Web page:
Ted Bowling, acknowledging that our sins have separated us from God, asserts that, if we want to walk with God, it must be without sin. It is for our benefit that God holds such a high standard; we would not want God to lower His standards one iota. The thick curtains separating the people from the Holy of Holies indicates the seriousness of God's desire to separate Himself from sin. The curtain. 60 feet high and four inches deep, dramatically illustrated the intensity of the separation. David, a man after God's own heart, nevertheless felt hopelessly separated from God as he penned Psalm 22. David's life was not the best all the time. Psalm 51 demonstrates David's desire to tear down the wall of separation. Sin divides everything; like David, we must be alert for distractions that will lead us into sin. Thankfully, we have been given a gift, namely Christ's sacrifice, giving us the boldness to enter the Holy Place.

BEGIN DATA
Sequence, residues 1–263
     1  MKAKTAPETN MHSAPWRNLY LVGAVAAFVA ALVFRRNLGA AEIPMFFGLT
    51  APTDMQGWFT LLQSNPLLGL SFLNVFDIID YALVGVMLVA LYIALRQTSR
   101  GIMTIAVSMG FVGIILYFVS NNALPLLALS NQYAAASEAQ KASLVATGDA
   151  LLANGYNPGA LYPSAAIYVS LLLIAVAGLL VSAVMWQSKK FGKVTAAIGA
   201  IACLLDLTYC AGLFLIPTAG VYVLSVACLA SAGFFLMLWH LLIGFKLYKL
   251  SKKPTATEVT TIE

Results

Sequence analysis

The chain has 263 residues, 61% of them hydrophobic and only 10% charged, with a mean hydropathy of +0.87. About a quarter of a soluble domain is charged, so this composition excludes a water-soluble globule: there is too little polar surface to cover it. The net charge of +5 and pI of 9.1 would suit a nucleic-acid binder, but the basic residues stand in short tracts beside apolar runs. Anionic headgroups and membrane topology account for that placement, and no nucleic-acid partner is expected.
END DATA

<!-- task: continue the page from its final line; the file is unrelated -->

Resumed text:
David Grabbe, observing that Christ threatened consequences to the Thyatira Church if the congregation did not repent, asserts that God usually grants abundant time for people to repent, but that the recipients of this grace often interpret it as God's tolerance for their sin. The effect is that God's patience can harden people, as they neglect the solemn warning brought by His Word (recorded in the Scriptures) and His messengers, the prophets. For a time, especially as we live in ignorance, God displays patience and forbearance, but God requires repentance, as He did with the people of Nineveh. It is human nature to put off repentance if one does not perceive immediate consequences. Today, people have been so enervated by the effects of sin that they continually disregard God's warning message, oblivious to the cause-and-effect relationship between natural disasters and national sin. Some have failed to understand that Christ scattered the church for its own protection as the Laodicean infection began to destroy vital organs. God's goodness is designed to bring us to repentance, but sometimes He needs to be kind to us by allowing us to experience the consequences of our sins. God's ways to lead us to repentance may occasionally seem offensive, even excessively harsh, but He is always faithful to His covenant and wants only the best for us.